I believe that although this is an issue that needs to be dealt with and European political elites should refrain from using xenophobic rhetoric, we can allow ourselves to take heart at the knowledge of one fact. If extremist and xenophobic parties fail to gather enough support to gain political power now, at this time of European crisis, then it is safe to assume that they never will. Beating them at a time of economic hardship is beating them at their own game. Perhaps Europe has grown-up after all.

Wednesday 13 June 2012

War by other means: The emerging economic and political divergence at the centre of Europe

Christopher Wood

Two leaders, two agendas: Angela Merkel and Francois Hollande were keen to talk of continuing their commitment to European cooperation after the French Presidential Inauguration, yet it is unclear if national concerns can be overcome. AFP, Odd Andersen.

THE BRANDENBURG GATE– an iconic monument in the heart of Berlin, a five-minute walk away from the Reichstag that sits directly on the intersection of the Tiergarten and the historic core of the German capital. Crowning its neo-classical architecture is a reminder of one of Europe’s most bitter rivalries amidst its long and war-torn annals of history – cast in a resplendent and vast bronze statue, the goddess Victory stands astride a four-horsed chariot, her gaze fixed permanently across Pariser Platz square upon the building that contains the French Embassy.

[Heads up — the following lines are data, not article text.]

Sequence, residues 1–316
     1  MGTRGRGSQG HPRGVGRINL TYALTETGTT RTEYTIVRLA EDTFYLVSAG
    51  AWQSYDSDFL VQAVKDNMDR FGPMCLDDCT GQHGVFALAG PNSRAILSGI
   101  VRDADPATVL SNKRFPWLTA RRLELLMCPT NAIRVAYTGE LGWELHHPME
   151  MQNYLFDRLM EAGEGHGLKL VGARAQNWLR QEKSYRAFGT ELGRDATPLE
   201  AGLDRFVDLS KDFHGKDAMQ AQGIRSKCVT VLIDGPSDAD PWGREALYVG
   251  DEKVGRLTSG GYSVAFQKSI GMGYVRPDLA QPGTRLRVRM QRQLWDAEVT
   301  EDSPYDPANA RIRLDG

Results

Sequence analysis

The relationship between the two most powerful economic entities in Europe, despite being beset by prolonged periods of mutual animosity and outright warfare, has been central to European politics. Today’s ‘special relationship’ is a product of over 70 years of Franco-German cooperation that has evolved from Cold-War realpolitik to the shared European vision that we see today. 

After ten years of monetary union under the Euro single currency, dark clouds are gathering over Europe. Greece has been toiling under the burden of drastic austerity imposed by the European Central Bank and its German financiers for over a year with little success. The financial health of vast swathes of Southern Europe is increasingly being questioned by credit rating agencies and creditor nations. Barely a month into office, the newly-elected French President has issued a rallying call for a fresh approach to the European fiscal malaise in the form of growth-inducing stimulus – in doing so, Francois Hollande has compromised the stoic German commitment to enforcing structural reform and debt servicing. Are we witnessing the end of the Franco-German consensus that has been so central to the European project?